The Central University of Venezuela began as the Colegio Santa Rosa de Lima in 1673. It gained university status in 1721, when it became the Universidad Real y Pontificia de Caracas.
UCV is Venezuela’s oldest and most prestigious university, as well as being one of the oldest in the Western Hemisphere.
Venezuela’s independence was declared in the site’s seminary chapel in 1811. However, the building is now the Palacio Municipal de Caracas.
Comprising 11 faculties, with 40 departments and five research centres spread across the country, 54,222 undergraduate and 8,317 graduate students were registered at UCV in 2016.
It is considered to be one of Venezuela’s most productive research institutions and in the top 20 for Latin America.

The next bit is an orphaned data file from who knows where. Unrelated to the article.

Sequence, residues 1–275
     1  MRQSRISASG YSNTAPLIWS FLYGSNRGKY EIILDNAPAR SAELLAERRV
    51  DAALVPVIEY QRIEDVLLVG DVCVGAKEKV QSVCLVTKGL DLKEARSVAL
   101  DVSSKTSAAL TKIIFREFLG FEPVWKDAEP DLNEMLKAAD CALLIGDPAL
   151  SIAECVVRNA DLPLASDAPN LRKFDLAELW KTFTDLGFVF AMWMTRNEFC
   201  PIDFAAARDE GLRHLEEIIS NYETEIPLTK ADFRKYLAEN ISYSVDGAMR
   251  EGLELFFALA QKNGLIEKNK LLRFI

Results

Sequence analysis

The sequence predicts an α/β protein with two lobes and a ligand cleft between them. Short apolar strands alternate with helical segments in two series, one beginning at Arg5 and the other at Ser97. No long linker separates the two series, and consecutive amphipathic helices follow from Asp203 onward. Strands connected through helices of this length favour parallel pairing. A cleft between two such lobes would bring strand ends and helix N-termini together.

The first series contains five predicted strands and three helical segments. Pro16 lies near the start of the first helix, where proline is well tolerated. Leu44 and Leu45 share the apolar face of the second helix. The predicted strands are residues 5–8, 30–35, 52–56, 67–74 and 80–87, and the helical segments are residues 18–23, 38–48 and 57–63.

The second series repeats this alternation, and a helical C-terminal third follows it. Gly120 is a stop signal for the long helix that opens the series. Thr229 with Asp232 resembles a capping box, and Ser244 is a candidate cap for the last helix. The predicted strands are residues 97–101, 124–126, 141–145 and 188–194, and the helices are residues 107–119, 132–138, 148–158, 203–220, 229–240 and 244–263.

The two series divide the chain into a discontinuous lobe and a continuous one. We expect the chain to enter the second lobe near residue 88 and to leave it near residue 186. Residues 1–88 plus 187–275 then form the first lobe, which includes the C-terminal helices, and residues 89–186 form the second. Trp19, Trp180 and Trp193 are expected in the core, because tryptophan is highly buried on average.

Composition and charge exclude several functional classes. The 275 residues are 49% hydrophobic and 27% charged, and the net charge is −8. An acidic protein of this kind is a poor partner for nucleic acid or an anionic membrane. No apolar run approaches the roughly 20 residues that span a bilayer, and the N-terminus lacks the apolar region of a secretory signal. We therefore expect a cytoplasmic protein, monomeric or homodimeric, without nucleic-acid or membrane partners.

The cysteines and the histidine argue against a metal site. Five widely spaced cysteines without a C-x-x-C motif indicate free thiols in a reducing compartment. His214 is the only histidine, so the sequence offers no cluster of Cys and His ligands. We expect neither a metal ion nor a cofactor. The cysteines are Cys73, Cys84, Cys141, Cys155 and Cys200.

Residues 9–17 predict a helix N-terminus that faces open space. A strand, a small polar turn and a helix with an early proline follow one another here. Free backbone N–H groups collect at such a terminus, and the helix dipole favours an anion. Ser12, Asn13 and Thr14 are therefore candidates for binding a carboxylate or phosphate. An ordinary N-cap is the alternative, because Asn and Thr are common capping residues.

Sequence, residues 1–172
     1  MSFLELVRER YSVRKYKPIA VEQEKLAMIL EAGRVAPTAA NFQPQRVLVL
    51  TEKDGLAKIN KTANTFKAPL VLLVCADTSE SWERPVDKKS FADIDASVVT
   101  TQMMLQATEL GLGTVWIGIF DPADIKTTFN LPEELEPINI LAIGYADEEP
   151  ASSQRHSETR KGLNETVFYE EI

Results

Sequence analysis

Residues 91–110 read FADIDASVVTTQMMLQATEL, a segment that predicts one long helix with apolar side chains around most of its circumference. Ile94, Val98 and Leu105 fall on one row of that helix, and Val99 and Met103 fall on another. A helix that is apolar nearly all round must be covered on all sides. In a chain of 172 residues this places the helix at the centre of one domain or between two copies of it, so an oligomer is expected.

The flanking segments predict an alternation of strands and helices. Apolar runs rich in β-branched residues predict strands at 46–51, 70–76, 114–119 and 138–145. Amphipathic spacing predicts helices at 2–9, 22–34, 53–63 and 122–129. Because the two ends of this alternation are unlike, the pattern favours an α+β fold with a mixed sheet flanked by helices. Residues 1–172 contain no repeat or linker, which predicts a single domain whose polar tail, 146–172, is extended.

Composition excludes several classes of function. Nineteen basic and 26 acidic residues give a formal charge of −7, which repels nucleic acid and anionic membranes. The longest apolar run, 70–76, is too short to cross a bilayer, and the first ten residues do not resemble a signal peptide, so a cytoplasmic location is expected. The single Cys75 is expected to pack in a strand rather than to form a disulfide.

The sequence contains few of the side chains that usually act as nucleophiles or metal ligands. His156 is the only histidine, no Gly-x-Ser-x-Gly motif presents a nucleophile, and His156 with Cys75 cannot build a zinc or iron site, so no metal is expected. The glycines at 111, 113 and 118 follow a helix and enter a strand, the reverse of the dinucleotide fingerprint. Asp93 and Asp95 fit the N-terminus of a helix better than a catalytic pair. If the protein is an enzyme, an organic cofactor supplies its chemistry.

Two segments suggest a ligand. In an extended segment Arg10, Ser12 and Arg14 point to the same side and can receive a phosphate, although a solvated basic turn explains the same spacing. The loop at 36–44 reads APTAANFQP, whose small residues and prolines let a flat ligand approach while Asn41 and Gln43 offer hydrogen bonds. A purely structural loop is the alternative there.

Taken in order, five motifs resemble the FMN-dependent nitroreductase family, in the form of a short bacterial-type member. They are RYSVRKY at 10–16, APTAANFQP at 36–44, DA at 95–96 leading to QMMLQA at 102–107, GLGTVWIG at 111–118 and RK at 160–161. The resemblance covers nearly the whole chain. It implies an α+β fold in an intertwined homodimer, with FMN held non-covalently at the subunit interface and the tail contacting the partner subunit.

In the 1940s, architect Carlos Raúl Villanueva designed the main campus, Ciudad Universitaria de Caracas. Working with 28 avant-garde artists and contemporaries from across the world, Villanueva built the only campus to receive such acclaim – now regarded as one of the most successful examples of urban planning and modern architecture in Latin America. In 2000, UNESCO declared it a World Heritage Site.
Notable alumni include 14 of Venezuela’s presidents, as well as many eminent scientists, politicians and businessmen.
Located in Caracas, the capital of Venezuela (population: 4 million), university students have access to the coast (La Guaira Port) and the Museum of Modern Art, known as one of the most important in South America. The city is host to an international theatre festival every year, which draws performers and crowds from across the world.
UCV also has buildings in Maracay, a northern Venezuelan city known as the country’s "garden city". It is the most important city in the State of Aragua and has a population of almost a million.